Monday, October 20, 2014

Will Chief Justice Roberts Become a Moderate?

Based on his ruling record to date, Chief Justice John Roberts is anything but a moderate.  But in the conspiracy theorist minds of the far right, especially the Christofascists elements of the right, there is a fear that over time Roberts might - gasp, worry about how history views him - go moderate.  If I were Roberts I would indeed worry that history might lump me with the justices that handed down the Dread Scott decision and other rulings now viewed with horror.  Scalia, the brain dead Thomas, and Alito have no such qualms.  Both perhaps Roberts might, and that has some extremists conservatives troubled.  A piece in Politico looks at their hand wringing. Here are excerpts:

Chief Justice John Roberts seems to be going wobbly again.

Conservatives, still smarting from what they view as an ideological betrayal by Roberts two years ago in the Supreme Court’s 5-4 Obamacare decision, have looked on suspiciously in recent weeks as the chief justice twice appeared to side with the court’s liberals and Justice Anthony Kennedy against the court’s conservatives.

When the high court issued orders last week blocking Wisconsin’s voter ID law and stopping enforcement of key parts of Texas’ new restrictions on abortion clinics, Justices Antonin Scalia, Clarence Thomas and Samuel Alito publicly dissented. Roberts was notably silent.

Taken together, Roberts’ actions seem to be contributing to a kind of buyer’s remorse that could result in even more pressure for ideologically pure nominees.

During his confirmation hearings, Roberts presented himself a strict interpreter of the Constitution and compared a judge’s role to that of an umpire calling balls and strikes. President George W. Bush was so confident in Roberts’ conservative bona fides that he appointed him directly to the post of chief justice.

“I think there are a lot of conservatives who feel like, instead of calling the balls and strikes, he’s kind of ducking when possible,” said Carrie Severino of the conservative Judicial Crisis Network. “There certainly seems like a more consistent pattern on the part of Scalia, Thomas and Alito of being really conservative to the core.”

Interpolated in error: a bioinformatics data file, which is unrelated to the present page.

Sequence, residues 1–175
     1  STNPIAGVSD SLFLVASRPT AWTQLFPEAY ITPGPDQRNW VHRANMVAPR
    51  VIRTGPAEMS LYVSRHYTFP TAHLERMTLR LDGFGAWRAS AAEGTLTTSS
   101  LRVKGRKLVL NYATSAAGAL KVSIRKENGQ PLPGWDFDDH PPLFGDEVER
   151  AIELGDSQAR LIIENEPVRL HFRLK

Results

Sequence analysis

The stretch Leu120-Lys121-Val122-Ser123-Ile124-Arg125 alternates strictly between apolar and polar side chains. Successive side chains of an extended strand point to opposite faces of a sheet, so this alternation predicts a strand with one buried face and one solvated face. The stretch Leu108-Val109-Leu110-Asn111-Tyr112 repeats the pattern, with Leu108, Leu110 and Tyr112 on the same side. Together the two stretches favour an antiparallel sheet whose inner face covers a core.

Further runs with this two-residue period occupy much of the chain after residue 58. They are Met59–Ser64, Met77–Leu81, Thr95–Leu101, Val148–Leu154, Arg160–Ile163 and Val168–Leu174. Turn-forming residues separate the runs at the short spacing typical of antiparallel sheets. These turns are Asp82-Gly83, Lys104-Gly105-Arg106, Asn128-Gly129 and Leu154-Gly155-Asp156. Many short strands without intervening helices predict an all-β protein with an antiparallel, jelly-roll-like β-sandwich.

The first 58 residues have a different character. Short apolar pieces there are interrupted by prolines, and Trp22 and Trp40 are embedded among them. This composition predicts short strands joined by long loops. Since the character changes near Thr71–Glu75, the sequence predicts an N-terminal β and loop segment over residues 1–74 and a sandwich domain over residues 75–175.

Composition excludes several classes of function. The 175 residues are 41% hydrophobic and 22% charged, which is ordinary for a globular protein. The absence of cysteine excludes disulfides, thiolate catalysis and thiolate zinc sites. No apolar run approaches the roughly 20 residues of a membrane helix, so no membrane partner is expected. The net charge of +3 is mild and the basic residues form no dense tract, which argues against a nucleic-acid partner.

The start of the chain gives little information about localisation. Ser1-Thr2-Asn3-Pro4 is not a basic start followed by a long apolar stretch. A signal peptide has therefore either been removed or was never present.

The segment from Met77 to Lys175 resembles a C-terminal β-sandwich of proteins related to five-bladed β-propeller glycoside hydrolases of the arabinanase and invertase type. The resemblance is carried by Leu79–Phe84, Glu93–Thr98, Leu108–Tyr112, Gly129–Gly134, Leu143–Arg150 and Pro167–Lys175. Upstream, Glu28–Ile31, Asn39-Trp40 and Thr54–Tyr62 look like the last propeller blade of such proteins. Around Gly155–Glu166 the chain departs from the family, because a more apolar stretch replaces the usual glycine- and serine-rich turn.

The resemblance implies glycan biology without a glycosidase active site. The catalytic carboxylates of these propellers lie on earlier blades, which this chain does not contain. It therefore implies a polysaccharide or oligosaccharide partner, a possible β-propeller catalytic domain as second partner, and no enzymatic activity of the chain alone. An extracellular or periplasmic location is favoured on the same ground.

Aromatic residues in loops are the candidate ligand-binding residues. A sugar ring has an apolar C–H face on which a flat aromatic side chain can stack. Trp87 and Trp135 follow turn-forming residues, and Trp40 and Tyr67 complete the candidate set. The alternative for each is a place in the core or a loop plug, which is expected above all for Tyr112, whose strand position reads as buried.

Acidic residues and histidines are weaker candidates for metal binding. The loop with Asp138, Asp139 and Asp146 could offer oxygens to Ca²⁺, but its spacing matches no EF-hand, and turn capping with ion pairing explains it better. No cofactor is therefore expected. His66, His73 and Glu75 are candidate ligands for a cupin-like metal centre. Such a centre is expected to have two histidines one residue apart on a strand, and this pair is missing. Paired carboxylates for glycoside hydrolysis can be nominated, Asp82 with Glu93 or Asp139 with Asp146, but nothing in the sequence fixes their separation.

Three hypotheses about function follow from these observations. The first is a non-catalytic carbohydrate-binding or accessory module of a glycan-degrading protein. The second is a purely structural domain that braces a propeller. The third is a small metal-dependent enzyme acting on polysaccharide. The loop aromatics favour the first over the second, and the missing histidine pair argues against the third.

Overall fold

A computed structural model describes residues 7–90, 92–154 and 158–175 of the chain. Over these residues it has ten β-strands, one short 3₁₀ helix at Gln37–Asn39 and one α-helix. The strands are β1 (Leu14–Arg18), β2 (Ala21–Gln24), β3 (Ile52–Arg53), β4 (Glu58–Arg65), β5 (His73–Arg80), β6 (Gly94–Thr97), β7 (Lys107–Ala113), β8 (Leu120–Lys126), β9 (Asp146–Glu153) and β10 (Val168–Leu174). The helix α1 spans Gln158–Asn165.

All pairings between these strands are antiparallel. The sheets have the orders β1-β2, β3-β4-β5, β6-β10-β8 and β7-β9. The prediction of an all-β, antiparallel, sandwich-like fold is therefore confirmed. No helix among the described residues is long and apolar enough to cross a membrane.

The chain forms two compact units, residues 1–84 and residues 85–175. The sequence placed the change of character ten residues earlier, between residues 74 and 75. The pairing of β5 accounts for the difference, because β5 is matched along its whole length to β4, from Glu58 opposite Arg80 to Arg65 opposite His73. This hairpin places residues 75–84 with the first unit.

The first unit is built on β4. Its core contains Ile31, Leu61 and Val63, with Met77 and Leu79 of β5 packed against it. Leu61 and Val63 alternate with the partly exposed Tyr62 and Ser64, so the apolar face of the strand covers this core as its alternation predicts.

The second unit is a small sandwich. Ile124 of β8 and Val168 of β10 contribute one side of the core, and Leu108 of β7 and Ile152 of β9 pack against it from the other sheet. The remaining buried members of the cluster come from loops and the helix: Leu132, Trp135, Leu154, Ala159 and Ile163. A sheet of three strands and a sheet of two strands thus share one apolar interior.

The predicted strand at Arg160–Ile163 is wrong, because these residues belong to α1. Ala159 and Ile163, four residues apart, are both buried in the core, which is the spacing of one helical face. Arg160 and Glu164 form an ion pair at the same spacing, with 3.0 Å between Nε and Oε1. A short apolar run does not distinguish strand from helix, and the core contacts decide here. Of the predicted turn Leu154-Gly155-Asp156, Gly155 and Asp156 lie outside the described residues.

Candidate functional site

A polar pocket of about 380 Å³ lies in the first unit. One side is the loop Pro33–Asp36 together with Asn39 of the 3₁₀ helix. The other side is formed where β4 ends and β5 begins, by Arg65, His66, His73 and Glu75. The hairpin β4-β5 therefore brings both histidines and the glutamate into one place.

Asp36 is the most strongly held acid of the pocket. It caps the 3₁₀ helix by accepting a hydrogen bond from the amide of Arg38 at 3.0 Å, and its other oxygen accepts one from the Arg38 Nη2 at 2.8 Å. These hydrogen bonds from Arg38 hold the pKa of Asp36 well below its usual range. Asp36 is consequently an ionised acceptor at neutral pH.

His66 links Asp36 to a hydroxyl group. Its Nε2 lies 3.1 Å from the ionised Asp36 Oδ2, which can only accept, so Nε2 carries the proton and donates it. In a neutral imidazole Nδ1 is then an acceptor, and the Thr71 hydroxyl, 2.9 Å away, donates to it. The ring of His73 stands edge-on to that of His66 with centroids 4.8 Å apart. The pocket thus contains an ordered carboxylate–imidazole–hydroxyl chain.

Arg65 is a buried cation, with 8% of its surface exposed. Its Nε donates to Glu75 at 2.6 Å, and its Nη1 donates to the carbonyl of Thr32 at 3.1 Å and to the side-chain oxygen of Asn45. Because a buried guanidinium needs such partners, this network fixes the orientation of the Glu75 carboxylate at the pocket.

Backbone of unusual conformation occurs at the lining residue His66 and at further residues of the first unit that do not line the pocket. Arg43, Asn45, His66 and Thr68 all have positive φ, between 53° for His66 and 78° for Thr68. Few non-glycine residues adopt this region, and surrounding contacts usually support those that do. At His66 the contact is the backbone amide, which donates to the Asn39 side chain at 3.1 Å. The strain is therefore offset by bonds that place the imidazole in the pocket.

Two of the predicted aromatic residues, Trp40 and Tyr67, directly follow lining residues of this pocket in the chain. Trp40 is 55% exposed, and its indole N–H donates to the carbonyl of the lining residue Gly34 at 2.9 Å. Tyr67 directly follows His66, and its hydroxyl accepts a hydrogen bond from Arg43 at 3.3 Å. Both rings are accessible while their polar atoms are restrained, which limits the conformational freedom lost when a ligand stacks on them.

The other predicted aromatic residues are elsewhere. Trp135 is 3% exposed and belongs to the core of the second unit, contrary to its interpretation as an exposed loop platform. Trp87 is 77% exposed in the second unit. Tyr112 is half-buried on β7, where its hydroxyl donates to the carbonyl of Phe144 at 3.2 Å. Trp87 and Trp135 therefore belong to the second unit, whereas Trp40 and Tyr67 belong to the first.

Morris Davis, a liberal lawyer and former Guant√°namo prosecutor, was more blunt in a tweet posted just after the Texas abortion order: “[Chief Justice] Roberts isn’t going to get invited to the tea party this year.”

The abortion and voter ID orders on which Roberts parted ways with his conservative colleagues came just days after the Supreme Court surprised many observers by punting on the issue of gay marriage, rejecting seven petitions asking the court to decide whether the U.S. Constitution guarantees the right of same-sex couples to marry. Since only four justices were needed to take any one of the cases, some suspected that Roberts chose not to accept any of the petitions in order to steer the court away from the contentious social issue.

“It would be in character for Roberts to do this,” Chapman Law School Professor John Eastman said. “I find it hard to believe Thomas, Alito and Scalia wouldn’t vote to take it. … The only thing that makes sense is Roberts didn’t vote to grant certiorari and the other justices were happy to allow this thing to be decided by default.”

This assessment of Roberts troubles conservatives who want to see more ideological stringency and evokes the memory of GOP-appointed justices such as Sandra Day O’Connor and John Paul Stevens, who moved in a more liberal direction over their decades on the court.

If people are concerned that there’s a slow drift to the left, that’s a valid concern, because that’s usually how it happens,” Levey added. “It’s about 50-50 that a Republican judge or justice will remain anything like a Republican.”

1 comment:

EdA said...

Based on his history, I still wouldn't trust this piece of dessicated santorum to be left alone with a teenage girl.